The Lost House

When we walked into this building it felt like some kind of subterranean Bond villain’s lair. Created by the internationally renowned architect Sir David Adjaye in a former delivery yard in the heart of Kings Cross, The Lost House looks as if 3 huge glass boxes filled with trees and pebbles have arrived from Earth and settled themselves into an interplanetary black interior as a kind of experiment to show a different galactic race what our planet once looked like.

It is hard to imagine a 4,000 sq ft interior this good can be found behind the simple black door before you enter.  The three large light wells in the main living area, including a central water garden with koi carp give just enough light to lift the space from subterranean cave into a luxury hotel lobby. So what to do?

We wanted to keep things simple, to highlight the architecture while softening the interior, leaving people enough space to walk around and enjoy the experience while also giving them hints of how they might live there. We brought a large Japanese red maple with us to sit in the entrance with a red prototype Dutch chair. The idea was to let colours pop against the black and also make the green even more vivid going from red, its opposite colour, to nature’s favourite shade as you sashay from corridor into the main room.

I say sashay because this room could be used as a catwalk or art gallery, hence carefully placed pieces including some vintage mathematical blocks made to look like a sculpture, an Eames LCW, a stool by Par Avion and conversation piece of a vase by young designer Talia Designer Maker.

The kitchen just needed a few pieces. We mixed an iconic Timo Sarpaneva cooking pot and new ceramics from Par Avion with vintage French and Scandinavian midcentury ceramics with plenty of texture without going the full lava.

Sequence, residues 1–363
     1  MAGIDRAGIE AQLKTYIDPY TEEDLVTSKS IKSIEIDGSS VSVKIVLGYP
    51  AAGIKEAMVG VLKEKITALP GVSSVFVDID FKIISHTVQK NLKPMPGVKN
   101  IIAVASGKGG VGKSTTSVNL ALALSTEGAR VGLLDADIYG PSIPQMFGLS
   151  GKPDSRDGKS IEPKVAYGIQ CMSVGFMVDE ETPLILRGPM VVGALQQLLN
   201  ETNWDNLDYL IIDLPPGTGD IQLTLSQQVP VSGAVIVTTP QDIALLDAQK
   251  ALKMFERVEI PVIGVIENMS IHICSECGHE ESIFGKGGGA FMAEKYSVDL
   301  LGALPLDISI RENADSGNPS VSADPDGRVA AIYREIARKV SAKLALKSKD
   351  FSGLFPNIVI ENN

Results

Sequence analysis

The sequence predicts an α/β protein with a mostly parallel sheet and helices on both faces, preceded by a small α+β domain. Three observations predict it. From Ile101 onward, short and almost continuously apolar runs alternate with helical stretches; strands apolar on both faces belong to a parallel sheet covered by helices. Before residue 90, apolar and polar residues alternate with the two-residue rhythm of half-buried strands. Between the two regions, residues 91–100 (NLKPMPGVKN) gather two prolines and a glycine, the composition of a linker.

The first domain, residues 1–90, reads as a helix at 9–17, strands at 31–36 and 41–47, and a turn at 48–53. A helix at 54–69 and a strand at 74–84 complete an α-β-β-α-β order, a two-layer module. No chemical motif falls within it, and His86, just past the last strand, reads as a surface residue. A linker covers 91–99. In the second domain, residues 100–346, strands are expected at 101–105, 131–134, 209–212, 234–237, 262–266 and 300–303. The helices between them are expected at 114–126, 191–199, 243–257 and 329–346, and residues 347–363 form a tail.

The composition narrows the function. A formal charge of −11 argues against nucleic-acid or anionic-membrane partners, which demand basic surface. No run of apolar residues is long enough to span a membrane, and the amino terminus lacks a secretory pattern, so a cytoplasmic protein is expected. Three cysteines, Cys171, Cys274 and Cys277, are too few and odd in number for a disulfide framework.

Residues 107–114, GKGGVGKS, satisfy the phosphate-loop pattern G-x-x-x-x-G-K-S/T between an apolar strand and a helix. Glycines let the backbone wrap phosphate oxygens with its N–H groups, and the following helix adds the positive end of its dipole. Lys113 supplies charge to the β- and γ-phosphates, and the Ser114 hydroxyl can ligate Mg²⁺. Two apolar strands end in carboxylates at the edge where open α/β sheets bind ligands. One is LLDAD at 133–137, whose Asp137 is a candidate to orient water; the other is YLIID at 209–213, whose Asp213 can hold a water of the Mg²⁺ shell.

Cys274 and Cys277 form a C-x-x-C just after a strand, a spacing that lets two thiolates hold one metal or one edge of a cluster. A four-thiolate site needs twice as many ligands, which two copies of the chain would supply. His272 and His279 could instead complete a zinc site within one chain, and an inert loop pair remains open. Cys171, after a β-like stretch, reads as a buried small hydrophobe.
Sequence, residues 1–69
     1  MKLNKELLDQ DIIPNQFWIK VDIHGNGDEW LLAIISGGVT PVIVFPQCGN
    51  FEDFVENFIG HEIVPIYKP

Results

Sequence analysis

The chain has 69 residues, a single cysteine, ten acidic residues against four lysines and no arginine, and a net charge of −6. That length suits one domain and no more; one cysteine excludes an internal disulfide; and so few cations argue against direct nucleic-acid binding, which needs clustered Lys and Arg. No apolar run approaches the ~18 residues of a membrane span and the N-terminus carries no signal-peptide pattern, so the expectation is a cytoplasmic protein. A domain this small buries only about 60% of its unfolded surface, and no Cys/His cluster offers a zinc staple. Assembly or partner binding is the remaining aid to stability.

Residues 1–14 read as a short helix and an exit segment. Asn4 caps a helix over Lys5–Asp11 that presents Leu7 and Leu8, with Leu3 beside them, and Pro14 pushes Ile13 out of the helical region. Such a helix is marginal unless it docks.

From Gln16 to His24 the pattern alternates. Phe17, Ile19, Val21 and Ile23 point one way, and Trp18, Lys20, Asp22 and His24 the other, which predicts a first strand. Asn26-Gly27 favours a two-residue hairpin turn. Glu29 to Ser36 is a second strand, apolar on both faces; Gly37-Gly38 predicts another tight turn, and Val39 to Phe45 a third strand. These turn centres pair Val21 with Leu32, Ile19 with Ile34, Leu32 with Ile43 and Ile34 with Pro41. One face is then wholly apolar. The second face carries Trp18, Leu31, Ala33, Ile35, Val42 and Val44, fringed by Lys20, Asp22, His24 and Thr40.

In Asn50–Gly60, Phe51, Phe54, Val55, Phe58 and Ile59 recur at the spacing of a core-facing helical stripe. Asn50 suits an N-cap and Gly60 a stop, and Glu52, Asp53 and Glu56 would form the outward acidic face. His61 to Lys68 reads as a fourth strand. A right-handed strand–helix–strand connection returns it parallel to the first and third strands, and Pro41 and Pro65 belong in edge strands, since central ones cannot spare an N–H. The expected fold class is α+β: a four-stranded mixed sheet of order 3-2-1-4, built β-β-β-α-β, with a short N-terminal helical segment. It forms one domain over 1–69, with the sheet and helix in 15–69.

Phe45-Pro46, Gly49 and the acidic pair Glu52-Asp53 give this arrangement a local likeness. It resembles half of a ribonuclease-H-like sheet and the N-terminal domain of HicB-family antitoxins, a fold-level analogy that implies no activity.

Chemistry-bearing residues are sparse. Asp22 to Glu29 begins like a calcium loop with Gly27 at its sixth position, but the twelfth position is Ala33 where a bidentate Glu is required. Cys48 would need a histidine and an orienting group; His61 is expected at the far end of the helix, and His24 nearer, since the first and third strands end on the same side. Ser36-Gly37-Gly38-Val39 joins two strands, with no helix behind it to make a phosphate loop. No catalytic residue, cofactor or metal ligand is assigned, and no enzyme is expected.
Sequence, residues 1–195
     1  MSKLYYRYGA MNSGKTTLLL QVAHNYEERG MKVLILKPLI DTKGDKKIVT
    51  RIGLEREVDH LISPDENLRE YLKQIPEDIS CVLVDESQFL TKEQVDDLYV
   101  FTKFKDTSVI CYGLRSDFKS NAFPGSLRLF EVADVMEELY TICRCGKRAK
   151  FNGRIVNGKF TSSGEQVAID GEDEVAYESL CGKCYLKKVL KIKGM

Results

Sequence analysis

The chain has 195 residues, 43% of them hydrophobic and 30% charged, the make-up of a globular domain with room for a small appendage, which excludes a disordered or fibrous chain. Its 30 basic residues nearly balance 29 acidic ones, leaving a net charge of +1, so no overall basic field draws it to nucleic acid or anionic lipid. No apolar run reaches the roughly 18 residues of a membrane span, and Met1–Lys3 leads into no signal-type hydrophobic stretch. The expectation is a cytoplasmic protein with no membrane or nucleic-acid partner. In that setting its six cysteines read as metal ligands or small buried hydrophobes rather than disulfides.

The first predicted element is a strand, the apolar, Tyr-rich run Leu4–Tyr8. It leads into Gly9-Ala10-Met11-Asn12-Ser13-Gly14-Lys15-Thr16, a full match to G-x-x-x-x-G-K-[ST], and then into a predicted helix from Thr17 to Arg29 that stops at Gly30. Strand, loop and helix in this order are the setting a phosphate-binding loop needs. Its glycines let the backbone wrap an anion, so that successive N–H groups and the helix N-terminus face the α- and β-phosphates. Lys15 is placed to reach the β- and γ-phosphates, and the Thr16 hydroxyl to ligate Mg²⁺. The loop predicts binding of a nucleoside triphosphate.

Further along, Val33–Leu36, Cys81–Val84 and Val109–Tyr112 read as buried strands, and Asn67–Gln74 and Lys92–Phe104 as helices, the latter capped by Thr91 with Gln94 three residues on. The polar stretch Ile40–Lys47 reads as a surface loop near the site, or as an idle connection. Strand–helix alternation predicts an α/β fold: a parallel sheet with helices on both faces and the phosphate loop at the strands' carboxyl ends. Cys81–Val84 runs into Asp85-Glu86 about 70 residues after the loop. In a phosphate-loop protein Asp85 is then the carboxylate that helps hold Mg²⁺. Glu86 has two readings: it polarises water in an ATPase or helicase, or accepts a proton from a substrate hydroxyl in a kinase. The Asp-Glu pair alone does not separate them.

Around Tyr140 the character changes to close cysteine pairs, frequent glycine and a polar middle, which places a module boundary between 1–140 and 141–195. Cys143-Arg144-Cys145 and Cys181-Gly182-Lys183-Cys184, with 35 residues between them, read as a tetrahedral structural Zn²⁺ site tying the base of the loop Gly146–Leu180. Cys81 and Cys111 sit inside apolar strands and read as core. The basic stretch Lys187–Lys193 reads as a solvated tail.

The guest bathroom with its bold exotic wallpaper needed a few things you might use in a bathroom to soften its ‘aloha’ in your face nature so we added baskets, towels and smalls to complement the space. 

 

Above this up some steps is another large bedroom, bursting with natural light which we wanted to subtly show could work as either a bedroom or as a studio and office space now so many people are working from home . 

 

   

 

We used Les Arcs leather and chrome chairs (originally sourced by Charlotte Perriand for the Les Arcs resort), a gorgeous Seventies wooden table that extends from desk length to table length and some eye catching sections of smalls. We wanted to include some artwork but the owners did not want any fixed to the walls so we balanced some as you would before you put it up on the wall.

 

At the other end of this vast sprawling warehouse apartment we added floating beds to the guest bedroom with en-suite shower room and master bedroom with dressing room, wet room and steam room. 

While we would have preferred to have put in a lower sideboard to make the space seem larger, it is always important to us to take the needs of the client into consideration. Here we were asked not to move the 3 white chests of drawers already in situ so we dressed them to work as a feature when you looked from the door and placed a chair in front to the side to break up the while a bit.

  

Running alongside the master bedroom is a dramatic enclosed swimming pool that is so black it looks like an oil slick before the lights go on and make you aware of it.

In this bathroom we placed some feature pieces – African seed pods and bowls.

 

Stylists

Lucy Ryder Richardson

Petra Curtis

Frances Marden

Post a Comment

Leave a Reply

Your email address will not be published. Required fields are marked *

Our website uses cookies that do not collect personal data. View our Privacy / Cookie Policy.